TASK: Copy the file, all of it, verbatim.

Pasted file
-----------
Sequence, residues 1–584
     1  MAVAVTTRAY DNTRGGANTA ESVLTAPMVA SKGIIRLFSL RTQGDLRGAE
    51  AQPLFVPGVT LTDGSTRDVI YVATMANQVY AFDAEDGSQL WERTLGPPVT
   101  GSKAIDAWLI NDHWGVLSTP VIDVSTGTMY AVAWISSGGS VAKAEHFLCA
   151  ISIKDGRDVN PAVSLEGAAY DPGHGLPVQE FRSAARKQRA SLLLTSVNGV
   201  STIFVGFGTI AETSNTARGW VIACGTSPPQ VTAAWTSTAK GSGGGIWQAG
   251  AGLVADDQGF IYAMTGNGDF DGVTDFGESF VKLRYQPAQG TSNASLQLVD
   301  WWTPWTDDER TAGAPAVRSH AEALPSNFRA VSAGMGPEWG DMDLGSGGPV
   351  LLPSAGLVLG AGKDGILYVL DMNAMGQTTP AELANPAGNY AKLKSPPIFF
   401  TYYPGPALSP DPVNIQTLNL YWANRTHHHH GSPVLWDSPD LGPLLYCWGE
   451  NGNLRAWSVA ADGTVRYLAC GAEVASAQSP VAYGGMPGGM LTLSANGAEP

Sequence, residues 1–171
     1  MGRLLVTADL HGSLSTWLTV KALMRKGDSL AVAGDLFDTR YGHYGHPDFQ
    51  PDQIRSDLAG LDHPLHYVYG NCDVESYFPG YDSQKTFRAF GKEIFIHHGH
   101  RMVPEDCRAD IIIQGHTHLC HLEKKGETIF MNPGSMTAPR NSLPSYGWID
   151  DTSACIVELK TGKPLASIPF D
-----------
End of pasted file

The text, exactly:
Sequence, residues 1–584
     1  MAVAVTTRAY DNTRGGANTA ESVLTAPMVA SKGIIRLFSL RTQGDLRGAE
    51  AQPLFVPGVT LTDGSTRDVI YVATMANQVY AFDAEDGSQL WERTLGPPVT
   101  GSKAIDAWLI NDHWGVLSTP VIDVSTGTMY AVAWISSGGS VAKAEHFLCA
   151  ISIKDGRDVN PAVSLEGAAY DPGHGLPVQE FRSAARKQRA SLLLTSVNGV
   201  STIFVGFGTI AETSNTARGW VIACGTSPPQ VTAAWTSTAK GSGGGIWQAG
   251  AGLVADDQGF IYAMTGNGDF DGVTDFGESF VKLRYQPAQG TSNASLQLVD
   301  WWTPWTDDER TAGAPAVRSH AEALPSNFRA VSAGMGPEWG DMDLGSGGPV
   351  LLPSAGLVLG AGKDGILYVL DMNAMGQTTP AELANPAGNY AKLKSPPIFF
   401  TYYPGPALSP DPVNIQTLNL YWANRTHHHH GSPVLWDSPD LGPLLYCWGE
   451  NGNLRAWSVA ADGTVRYLAC GAEVASAQSP VAYGGMPGGM LTLSANGAEP

Sequence, residues 1–171
     1  MGRLLVTADL HGSLSTWLTV KALMRKGDSL AVAGDLFDTR YGHYGHPDFQ
    51  PDQIRSDLAG LDHPLHYVYG NCDVESYFPG YDSQKTFRAF GKEIFIHHGH
   101  RMVPEDCRAD IIIQGHTHLC HLEKKGETIF MNPGSMTAPR NSLPSYGWID
   151  DTSACIVELK TGKPLASIPF D